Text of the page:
Hitting the Trails


Walking is a great, low-energy way to burn calories and keep in shape. Those who use walking as a form of exercise are likely acquainted with the many benefits it provides. However, while strolling through the neighborhood or spending half an hour on the treadmill could easily contribute to a summer slim-down, you may find such activities become tedious over time. Why not make walking a bit more extreme, and a lot more interesting, by going hiking? Time to venture into the woods – a new form of exercise could be less than an hour away!

Like any form of cardiovascular activity, hiking provides many benefits. It improves cardio and muscular fitness, lowers the risk of high blood pressure and type 2 diabetes, increases bone density and slows bone loss, and is a great aid for weight maintenance. In addition to these, though, there are some benefits that could be said for hiking alone. Unlike regular walking on a flat sidewalk, hiking works every part of the body – legs, arms, hips, gluteus muscles, knees, ankles, and abdominals. Another great part about hiking is that it is great exercise for both beginners and experts. If the idea of walking around uneven, unfamiliar territory is intimidating, then there is a beginner trail that will make hiking easy. As the sport becomes more familiar, there are even more advanced – and difficult – trails to explore.

So how does a beginner prepare for a first hike? Here are a few tips for getting started:

  • Find a nearby trail. At Trail Link, there are multiple trails listed per state. It also includes the length of each trail, and maps for most of them as well.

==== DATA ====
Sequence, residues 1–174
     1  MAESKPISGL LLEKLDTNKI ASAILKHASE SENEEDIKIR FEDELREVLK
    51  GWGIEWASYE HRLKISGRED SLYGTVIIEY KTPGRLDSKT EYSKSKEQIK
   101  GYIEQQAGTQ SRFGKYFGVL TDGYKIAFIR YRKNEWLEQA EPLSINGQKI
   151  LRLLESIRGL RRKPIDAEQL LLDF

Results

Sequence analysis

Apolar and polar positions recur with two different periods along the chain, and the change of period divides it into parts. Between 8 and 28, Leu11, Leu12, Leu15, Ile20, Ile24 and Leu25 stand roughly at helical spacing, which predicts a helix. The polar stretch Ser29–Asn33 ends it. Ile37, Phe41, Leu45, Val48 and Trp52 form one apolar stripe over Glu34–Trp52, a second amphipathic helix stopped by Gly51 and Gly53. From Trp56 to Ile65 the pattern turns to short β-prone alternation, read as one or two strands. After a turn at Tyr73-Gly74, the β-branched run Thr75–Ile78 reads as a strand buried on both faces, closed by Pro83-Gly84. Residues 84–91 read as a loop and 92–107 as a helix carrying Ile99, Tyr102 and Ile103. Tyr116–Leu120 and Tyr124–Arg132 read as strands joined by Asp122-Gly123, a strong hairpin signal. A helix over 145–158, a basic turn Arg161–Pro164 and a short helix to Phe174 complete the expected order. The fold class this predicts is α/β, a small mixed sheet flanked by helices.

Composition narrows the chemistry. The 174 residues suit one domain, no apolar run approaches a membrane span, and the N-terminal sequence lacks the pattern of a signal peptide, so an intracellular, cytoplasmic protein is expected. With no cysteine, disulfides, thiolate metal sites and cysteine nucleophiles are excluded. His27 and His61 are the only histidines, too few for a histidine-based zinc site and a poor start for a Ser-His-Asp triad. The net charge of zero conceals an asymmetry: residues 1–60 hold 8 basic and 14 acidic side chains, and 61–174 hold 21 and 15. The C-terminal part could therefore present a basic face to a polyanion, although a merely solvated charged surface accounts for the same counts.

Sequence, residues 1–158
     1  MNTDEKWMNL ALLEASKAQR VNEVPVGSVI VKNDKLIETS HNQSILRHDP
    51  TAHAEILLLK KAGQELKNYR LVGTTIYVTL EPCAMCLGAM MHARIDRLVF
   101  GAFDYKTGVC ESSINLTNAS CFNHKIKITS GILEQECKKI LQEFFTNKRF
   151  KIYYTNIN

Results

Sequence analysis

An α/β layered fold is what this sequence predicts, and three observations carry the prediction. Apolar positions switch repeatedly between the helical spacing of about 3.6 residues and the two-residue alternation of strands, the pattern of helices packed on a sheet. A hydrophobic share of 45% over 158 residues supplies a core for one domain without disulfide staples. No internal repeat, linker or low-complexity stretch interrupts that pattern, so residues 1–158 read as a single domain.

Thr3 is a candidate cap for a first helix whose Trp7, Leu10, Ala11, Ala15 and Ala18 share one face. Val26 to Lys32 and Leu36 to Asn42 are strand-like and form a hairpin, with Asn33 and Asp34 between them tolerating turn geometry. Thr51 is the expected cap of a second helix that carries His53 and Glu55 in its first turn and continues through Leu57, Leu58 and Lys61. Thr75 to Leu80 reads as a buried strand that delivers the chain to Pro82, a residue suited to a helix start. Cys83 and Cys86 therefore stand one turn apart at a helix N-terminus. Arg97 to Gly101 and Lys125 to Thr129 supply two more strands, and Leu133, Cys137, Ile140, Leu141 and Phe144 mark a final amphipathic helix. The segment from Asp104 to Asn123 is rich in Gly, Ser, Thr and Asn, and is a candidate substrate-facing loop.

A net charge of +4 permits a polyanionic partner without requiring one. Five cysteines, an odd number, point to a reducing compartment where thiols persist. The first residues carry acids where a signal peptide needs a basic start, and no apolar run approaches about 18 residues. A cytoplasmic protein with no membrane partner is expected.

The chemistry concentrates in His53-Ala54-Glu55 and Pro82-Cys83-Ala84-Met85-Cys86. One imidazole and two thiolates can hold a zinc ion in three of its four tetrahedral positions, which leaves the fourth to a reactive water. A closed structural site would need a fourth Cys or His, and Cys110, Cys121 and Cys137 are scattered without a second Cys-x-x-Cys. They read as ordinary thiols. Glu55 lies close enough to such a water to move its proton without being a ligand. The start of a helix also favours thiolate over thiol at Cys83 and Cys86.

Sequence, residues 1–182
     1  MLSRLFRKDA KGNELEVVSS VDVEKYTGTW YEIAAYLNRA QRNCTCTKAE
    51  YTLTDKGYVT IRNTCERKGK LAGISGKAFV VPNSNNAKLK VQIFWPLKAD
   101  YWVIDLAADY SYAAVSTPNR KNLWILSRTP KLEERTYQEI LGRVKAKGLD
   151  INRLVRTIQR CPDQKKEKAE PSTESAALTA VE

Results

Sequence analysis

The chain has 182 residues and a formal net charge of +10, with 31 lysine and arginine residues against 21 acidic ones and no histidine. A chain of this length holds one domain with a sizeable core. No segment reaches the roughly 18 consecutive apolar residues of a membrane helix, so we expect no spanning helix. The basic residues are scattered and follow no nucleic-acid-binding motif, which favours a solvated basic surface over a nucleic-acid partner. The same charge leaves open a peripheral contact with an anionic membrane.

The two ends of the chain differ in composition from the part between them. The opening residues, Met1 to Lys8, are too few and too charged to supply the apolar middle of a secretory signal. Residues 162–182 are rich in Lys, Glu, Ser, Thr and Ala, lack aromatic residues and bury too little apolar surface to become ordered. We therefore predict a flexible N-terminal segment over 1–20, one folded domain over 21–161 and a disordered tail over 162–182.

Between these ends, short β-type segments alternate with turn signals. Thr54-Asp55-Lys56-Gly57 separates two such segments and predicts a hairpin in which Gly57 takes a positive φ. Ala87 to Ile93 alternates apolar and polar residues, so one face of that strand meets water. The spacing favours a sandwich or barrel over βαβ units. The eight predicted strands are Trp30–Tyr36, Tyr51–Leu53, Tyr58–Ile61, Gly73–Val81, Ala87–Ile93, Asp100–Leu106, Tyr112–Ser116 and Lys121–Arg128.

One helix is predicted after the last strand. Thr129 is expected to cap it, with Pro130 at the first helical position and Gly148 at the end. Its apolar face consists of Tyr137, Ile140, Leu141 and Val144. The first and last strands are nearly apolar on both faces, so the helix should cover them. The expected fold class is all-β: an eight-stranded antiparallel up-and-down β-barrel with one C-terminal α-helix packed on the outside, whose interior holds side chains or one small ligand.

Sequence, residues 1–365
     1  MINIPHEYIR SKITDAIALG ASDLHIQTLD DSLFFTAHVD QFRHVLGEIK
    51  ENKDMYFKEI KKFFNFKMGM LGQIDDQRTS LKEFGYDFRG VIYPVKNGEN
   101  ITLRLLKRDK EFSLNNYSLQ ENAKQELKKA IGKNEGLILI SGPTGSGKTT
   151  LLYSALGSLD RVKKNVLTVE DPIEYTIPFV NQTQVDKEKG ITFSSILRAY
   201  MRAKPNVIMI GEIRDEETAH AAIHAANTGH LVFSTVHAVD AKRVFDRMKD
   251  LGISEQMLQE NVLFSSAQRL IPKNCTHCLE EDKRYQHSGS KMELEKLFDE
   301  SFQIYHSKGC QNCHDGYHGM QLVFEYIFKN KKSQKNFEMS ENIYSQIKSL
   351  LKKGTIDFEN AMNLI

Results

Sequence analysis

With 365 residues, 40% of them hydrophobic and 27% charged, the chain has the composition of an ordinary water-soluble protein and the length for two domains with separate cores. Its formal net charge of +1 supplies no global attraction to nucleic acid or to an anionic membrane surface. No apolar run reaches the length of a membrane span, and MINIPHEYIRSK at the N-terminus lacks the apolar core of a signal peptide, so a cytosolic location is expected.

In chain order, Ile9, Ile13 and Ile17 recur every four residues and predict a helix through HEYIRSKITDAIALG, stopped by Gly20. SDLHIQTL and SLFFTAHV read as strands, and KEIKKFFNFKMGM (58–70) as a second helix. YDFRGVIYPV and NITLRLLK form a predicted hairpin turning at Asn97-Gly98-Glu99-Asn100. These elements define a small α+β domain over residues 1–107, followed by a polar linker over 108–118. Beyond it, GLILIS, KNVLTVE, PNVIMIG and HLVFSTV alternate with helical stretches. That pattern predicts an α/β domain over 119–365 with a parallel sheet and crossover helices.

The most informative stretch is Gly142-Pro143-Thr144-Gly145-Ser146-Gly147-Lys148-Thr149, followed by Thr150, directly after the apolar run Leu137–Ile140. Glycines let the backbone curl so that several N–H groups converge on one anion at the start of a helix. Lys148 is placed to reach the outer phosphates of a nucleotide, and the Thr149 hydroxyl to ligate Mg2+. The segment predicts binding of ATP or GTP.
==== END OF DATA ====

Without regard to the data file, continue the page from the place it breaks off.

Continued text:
• Know your limits. For someone who is in less than great shape, starting out with a ten-mile hike is not the best idea. Start out with short-distance hikes, and as stamina increases and muscles start to become accustomed to rough terrain, explore trails that are a bit longer.

  • Bring a buddy. Hiking alone is not necessarily a bad thing if you are in an area where there will be other people. However, venturing into the woods for a solo hike can be dangerous, especially for a beginner in an unfamiliar area.

  • Train frequently. As trails become more difficult, there are more obstacles and steeper hills. Training the leg muscles is crucial to conquering these hikes. Strengthening the core muscles is helpful as well.

Personally, I have a great deal of experience with hiking. I started hiking short trails of Harriman State Park, New York, at a young age with my parents, who are both extremely outdoorsy. As I grew up, my family explored many unique trails throughout the park. I love hiking because it’s great exercise, and allows me to spend time exploring the woods, which is an environment so different from the New Jersey suburbs where I live. For beginners, I definitely recommend starting out with shorter, less rough trails. I recently completed my most difficult hike to date, a total of 7 miles up and down a mountain. While some trails exist that are much longer, this one was hard because of the steep inclines and narrow paths. While it was a lot of fun, I definitely would not have been able to complete the hike if I was not in somewhat decent physical shape. A huge mistake I made during that hike was forgetting to bring water. For both experienced and inexperienced hikers, water is important. Drinking water along a hike will prevent dehydration and fatigue, as well as maintain a steady level of energy.

This time of year is a beautiful time to be outdoors. Though it may not seem like it, there are likely multiple trails within an hour of any major city. Grab your sneakers, water bottle, and hiking buddy, and get out and explore!

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Categories: Home, Sections, Your Fitness

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